TAMPA, Fla. (WFLA) – The National Oceanic and Atmospheric Administration announced Thursday it expects another “above average” Atlantic hurricane season this year.

Forecasters with NOAA predict a 60% chance of an above-normal season, a 30% chance of a near-normal season and 10% chance of a below-normal season. However, experts do not anticipate the historic level of storm activity seen in 2020. They predict this with 70% confidence.

NOAA’s Climate Prediction Center prediction includes a range of 13 to 20 named storms (winds of 39 miles per hour or higher), of which six to 10 could become hurricanes (winds of 74 miles per hour or higher), including three to five major hurricanes (category 3, 4 or 5; with winds of 111 mph or higher).

National Oceanic and Atmospheric Administration

The Atlantic hurricane season officially starts June 1 and ends Nov. 30.

Our Max Defender 8 meteorologists already tracking a high-chance development in the Atlantic Basin. According to NOAA, it will likely become a subtropical cyclone near and to the northeast of Bermuda on Friday. The system is expected to move toward the north and northeast into a more hostile environment by late Sunday into Monday.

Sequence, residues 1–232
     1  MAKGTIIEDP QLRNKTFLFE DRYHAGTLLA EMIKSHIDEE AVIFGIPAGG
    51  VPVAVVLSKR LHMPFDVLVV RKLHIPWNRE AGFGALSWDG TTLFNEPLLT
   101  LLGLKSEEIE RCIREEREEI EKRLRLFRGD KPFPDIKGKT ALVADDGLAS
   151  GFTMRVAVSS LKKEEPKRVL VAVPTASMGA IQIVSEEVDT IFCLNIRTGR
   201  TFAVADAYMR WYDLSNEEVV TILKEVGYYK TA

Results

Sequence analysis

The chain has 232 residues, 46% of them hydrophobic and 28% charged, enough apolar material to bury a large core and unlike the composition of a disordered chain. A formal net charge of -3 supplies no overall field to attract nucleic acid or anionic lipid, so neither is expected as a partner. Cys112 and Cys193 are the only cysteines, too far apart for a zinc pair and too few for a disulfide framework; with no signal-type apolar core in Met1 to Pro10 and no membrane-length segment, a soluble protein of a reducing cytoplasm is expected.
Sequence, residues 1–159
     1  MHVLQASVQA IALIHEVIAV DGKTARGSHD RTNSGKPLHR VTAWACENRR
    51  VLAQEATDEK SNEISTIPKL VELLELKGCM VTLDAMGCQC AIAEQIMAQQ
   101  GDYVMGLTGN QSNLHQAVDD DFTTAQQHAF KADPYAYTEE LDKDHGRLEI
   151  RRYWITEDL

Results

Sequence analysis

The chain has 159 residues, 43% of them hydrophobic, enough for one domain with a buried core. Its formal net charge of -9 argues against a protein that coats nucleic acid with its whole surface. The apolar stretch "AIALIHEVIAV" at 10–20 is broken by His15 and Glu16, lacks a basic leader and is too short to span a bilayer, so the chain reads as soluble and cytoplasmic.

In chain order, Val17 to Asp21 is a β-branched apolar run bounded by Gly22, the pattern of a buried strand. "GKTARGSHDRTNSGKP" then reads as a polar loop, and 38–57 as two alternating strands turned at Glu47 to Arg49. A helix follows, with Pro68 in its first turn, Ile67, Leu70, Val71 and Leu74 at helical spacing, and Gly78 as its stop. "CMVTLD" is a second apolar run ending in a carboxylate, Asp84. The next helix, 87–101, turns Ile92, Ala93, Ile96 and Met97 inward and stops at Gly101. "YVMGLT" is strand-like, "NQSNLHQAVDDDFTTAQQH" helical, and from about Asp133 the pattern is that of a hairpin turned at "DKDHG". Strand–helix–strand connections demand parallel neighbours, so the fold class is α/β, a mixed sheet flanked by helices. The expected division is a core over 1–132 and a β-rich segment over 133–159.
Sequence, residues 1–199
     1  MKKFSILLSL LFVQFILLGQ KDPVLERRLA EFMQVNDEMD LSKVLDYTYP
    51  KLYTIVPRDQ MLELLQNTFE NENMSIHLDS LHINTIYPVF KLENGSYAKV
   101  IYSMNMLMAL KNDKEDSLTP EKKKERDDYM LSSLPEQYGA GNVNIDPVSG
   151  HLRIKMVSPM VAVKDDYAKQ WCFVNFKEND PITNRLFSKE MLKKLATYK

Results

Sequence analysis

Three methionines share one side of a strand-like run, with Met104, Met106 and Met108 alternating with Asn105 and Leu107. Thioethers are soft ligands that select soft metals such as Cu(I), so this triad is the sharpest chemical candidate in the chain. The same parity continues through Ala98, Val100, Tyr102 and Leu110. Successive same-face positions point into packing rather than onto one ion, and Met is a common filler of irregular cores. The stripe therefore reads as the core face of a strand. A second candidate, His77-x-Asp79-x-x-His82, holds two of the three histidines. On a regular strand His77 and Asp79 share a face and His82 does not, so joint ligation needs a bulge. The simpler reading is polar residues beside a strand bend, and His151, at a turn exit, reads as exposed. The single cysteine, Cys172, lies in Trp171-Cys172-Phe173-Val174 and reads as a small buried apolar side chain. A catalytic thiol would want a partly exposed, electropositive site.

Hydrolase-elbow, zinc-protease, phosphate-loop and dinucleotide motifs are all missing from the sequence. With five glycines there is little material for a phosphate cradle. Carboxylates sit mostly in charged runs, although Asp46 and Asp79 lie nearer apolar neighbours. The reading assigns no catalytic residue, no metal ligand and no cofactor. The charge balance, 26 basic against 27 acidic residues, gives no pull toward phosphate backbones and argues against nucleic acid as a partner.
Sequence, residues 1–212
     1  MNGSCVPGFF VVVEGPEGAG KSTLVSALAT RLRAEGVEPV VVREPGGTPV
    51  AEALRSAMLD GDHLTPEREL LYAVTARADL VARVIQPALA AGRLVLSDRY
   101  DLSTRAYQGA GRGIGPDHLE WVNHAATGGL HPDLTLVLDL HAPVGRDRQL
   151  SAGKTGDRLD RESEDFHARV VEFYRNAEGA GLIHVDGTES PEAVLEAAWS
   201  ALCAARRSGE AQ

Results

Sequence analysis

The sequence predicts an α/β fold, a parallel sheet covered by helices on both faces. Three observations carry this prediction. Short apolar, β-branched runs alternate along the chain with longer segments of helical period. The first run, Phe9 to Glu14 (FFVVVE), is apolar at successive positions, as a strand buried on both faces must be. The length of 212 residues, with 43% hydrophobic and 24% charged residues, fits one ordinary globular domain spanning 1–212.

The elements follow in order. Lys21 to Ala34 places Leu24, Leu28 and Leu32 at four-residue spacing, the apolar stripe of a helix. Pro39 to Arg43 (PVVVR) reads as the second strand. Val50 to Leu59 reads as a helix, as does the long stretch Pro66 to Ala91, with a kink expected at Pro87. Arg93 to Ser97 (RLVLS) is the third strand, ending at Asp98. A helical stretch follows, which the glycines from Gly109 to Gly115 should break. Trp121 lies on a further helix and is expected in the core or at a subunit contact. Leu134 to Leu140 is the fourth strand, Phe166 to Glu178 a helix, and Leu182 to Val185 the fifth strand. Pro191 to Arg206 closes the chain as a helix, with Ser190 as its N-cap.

“Now is the time for communities along the coastline as well as inland to get prepared for the dangers that hurricanes can bring,” said Secretary of Commerce Gina Raimondo. “The experts at NOAA are poised to deliver life-saving early warnings and forecasts to communities, which will also help minimize the economic impacts of storms.”

Last month, NOAA updated the statistics used to determine when hurricane seasons are above-, near-, or below-average in relation to the latest climate record. Based on this update, an average hurricane season produces 14 named storms, of which seven become hurricanes, including three major hurricanes.

National Oceanic and Atmospheric Administration

“Although NOAA scientists don’t expect this season to be as busy as last year, it only takes one storm to devastate a community,” said Ben Friedman, the acting NOAA administrator. “The forecasters at the National Hurricane Center are well-prepared with significant upgrades to our computer models, emerging observation techniques, and the expertise to deliver the life-saving forecasts that we all depend on during this, and every, hurricane season.”

Forecasters with Colorado State University also predicted “above normal activity” for this year. The group predicts 17 named storms in 2021 with eight hurricanes – four of them major hurricanes.